A series of realistic fiction books written by Marissa Moss and published by Simon and Schuster.The series follows the everyday events in the life of Amelia, an ordinary girl living in the Pacific northwest. The series opened with Amelia learning how to adjust to moving to a new state. Later books center around other problems that most girls eventually have to deal with, such as crushes, making the jump to middle school, gossip, and babysitting.Every book is told in an undated diary format, with just as many doodles in the margins and photographs and random objects taped inside as one would expect from a preteen girl. American Girl magazine also ran a column for her, but it was discontinued after nearly a decade.Not to be confused with Amelia Bedelia.
Black Best Friend: Averted in Carly's case. While Amelia considers Carly cooler and prettier, Carly can also be hot-tempered and aloof, and has her own personality and motivations outside of being Amelia's friend.
Chekhov's Gunman: Kayla in Amelia's Itchy-Twitchy, Lovey-Dovey Summer at Camp Mosquito. At the beginning, she's only mentioned as one of the girls in Amelia's cabin and the homesick, constantly crying kid. After that, she makes just a brief appearance and a mention later on, but at the end, she turns out to be the girl Luke chooses over Amelia and Carly at the camp dance.
Chuck Cunningham Syndrome: Several girls are introduced as Amelia's cabin-mates in Amelia's Itchy-Twitchy, Lovey-Dovey Summer at Camp Mosquito at the start of the book, but only one of them ever shows up again later on.
Demoted to Extra: Leah. She's introduced as the first friend Amelia makes after moving away in the first notebook, but makes sporadic appearances after that when Carly becomes Amelia's best friend.
Disappeared Dad: Played straight at first, Amelia's dad never being even mentioned. Amelia then writes him a letter in Luv Amelia Luv Nadia, and they finally meet in Amelia's Family Ties. Now he's mentioned pretty frequently.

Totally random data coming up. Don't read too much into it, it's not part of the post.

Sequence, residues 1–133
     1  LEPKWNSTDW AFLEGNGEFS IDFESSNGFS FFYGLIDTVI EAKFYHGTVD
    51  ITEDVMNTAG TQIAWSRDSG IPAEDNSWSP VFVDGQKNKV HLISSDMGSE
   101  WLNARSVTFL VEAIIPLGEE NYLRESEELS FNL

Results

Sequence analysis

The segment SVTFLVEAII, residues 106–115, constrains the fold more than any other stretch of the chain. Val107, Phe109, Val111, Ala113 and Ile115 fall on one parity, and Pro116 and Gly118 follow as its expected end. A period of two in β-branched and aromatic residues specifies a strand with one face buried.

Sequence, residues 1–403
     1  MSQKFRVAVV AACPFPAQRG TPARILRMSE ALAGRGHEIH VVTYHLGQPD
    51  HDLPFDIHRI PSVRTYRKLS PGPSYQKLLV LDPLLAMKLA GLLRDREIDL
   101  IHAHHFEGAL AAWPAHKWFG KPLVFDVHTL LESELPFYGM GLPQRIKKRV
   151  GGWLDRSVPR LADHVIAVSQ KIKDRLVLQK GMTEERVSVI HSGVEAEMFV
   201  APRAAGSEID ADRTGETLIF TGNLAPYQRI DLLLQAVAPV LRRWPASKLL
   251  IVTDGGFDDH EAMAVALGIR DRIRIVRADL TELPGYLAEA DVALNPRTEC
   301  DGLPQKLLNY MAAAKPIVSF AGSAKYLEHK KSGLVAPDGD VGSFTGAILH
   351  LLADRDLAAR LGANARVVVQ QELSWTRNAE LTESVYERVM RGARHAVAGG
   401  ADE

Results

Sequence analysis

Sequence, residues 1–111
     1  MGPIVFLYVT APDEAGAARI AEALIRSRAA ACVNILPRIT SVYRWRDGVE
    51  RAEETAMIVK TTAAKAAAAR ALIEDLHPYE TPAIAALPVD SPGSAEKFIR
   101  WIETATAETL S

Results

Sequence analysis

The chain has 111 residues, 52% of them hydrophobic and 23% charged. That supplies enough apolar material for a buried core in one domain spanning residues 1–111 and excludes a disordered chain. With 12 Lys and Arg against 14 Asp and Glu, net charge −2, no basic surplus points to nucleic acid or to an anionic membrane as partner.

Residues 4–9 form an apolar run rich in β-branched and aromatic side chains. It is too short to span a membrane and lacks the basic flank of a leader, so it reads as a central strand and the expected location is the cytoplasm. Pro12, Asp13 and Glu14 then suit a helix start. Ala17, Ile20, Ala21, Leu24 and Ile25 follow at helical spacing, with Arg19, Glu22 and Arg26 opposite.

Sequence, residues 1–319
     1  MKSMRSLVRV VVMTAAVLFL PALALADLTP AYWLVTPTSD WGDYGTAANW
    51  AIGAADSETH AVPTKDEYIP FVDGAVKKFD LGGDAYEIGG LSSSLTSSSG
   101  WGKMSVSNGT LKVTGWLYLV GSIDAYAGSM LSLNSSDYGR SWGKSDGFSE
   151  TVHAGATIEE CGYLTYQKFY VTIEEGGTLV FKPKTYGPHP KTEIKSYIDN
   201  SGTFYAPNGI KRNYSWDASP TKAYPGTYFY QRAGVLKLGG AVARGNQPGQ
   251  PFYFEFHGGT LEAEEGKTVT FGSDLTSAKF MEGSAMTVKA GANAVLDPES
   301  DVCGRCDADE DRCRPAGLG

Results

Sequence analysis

Running Gag: Amelia often needs multiple tries to remember the spelling of "weird" (which doesn't follow the "I before E except after C" rule).
Sadist Teacher: Mr. Lambaste, Amelia's sixth-grade homeroom, English, and history teacher. When Cleo had him, she dumped salt in his coffee, and he mistakenly thought that Amelia was going to be just like her. Too bad it takes place in a world where There Are No School Counselors Or Therapists.
Satellite Character: Nadia is mostly defined by having been Amelia's best friend before Amelia moved away.
The Unfavorite: Cleo in the Amelia-Mom-Cleo family, as Amelia drives Mom less crazy. However, the tables are turned in the Clara-Dad-Amelia-Cleo-George family, where Amelia, while certainly loved by her father, goes unnoticed.
Unreliable Narrator: There is some evidence that suggests that Amelia is not above exaggerating things, given that we only see her life through her notebooks. One such example is whenever Cleo's bedroom cleanliness or her table manners are brought up. It is honestly difficult to believe that Cleo would have boyfriends or even friends with table manners that bad. They can't be that bad in real life.
Visit by Divorced Dad: Inverted, because it's Amelia who comes to visit rather than her dad. An entire book, Amelia's Family Ties, centers around Amelia getting a letter from her dad, who offers to let her come visit him in Chicago for a few days so they can catch up. There's apparently still some tension between her parents, since her mom wasn't all that thrilled when the letter came in the mail.